I have to confess I’m a little rusty, not to mention a little resistant, when it comes to jumping back into the taxi adventures after spending most of the last two years sitting at my computer, writing about taxi adventures gone by.
But on Saturday I finally dragged myself out the door, hailed a cab, and somehow ended up in a taxi with a driver named Musa, who taught me more about Turkish food in fifteen minutes on the road than I could have learned from hours of surfing the internet. He also told me about his favorite place to stop for köfte (Turkish-style meatballs) when he’s on duty.
Where I hailed him: Frankfurter Allee, Berlin-Friedrichshain
Where he hails from: Samsun, on the north coast of Turkey (Legend has it that the river delta east of Samsun was the original home of the Amazon warrioresses.)
Years as a cabby: 7
Previous professions: Textiles and Baking
Best part of driving a cab in Berlin: “The Germans are not stressed out.”
Favorite dish from his home region: Bafra pide, thin, hand-rolled dough filled with Bafra cheese (similar to feta) and parsley or minced beef. Proper Bafra pide, according to Musa, should be between 70 and 80 centimeters long.
Where Musa eats Bafra pide in Berlin: He doesn’t know of a particularly good place. But he did give me three clues: 1) Good pide must be eaten the moment it comes out of the oven 2) It must be baked in a brick oven 3) The boss of the bakery has to be the one doing the baking. (I did do a little research after the ride with Musa, and it looks like Özge Grill, a great find from Berlin’s Wednesday Chef, might pass Musa’s pide test.)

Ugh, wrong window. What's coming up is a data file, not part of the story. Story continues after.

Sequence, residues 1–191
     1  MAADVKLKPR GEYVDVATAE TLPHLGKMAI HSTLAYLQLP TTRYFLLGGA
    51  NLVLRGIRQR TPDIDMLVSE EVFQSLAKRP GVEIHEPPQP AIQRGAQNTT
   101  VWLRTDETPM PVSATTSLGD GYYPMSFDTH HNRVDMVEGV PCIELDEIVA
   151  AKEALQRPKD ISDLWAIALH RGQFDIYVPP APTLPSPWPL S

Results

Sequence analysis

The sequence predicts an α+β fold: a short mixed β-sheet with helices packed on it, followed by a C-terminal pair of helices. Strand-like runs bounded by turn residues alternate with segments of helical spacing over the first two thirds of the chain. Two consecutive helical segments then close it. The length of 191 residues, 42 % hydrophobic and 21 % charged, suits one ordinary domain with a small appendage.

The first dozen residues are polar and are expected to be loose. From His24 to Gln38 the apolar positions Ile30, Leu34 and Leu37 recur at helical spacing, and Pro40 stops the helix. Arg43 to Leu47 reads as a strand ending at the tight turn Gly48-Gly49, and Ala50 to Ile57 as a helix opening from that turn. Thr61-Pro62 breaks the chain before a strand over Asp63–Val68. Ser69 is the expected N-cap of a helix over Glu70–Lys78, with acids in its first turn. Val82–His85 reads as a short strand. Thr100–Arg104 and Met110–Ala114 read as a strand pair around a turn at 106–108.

Favorite dish not from his home region: Menemen, the Turkish equivalent of huevos rancheros, made with scrambled eggs, tomatoes, onions, chilies and a lot of olive oil. This is one of the most popular breakfast foods in Turkey, says Musa, and best eaten with some salty cheese and crusty bread.
Where Musa eats Menemen in Berlin: At home. But you can also find decent versions at Simidchi, on Adalbertstrasse, in Kreuzberg, or at LaFemme on Kottbusser Damm in Neukölln. If you’d like to make it yourself, Serious Eats has an excellent-sounding menemen recipe.
Where Musa eats on duty: Maranda, a Turkish grill across from the Görlizter Bahnhof U-Bahn station in Kreuzberg. The place opened in 2011, and the owners come from Trabzon, a city about 200 miles east of Samsun, on the Black Sea coast.
Musa likes that Maranda is named for a flower that grows in the mountains of northern Turkey. He also likes their köfte, which aren’t bad, but can’t really compare to the Inegöl-style köfte at Gel Gör.
What’s really outstanding at Maranda is lamb ‘antrikot’, which costs 8 euros and comes with a beautiful herb and white bean salad. This lamb, along with all the other meat here, is butchered in-house and grilled to order and arrives in thin, juicy slices around a mound of bland rice. It also comes with sides of spicy sauce and herb sauce that are way too sweet. Ignore these sauces.
Focus on the lamb, and on the fact that there is no döner kebab here (Note: Many of the better budget Turkish restaurants in Berlin don’t serve döner kebab). Nor is there any alcohol, which may have something to do with the restaurant being two doors down from Umar Ibn Al-Khattab, one of the city’s major mosques.
Wiener Straße 8 10997 Berlin, Germany
Phone: +49 30 70038694
Open: Mon-Fri, 10am-6am; Sat, 10am-7am; Sun, 11:30am-5am
Recommended dish: Lamb Antrikot Plate, 8 Euros
I’d like to thank the ‘Fare is Fair’ columnists of New York City’s L magazine for inspiring the format of this post.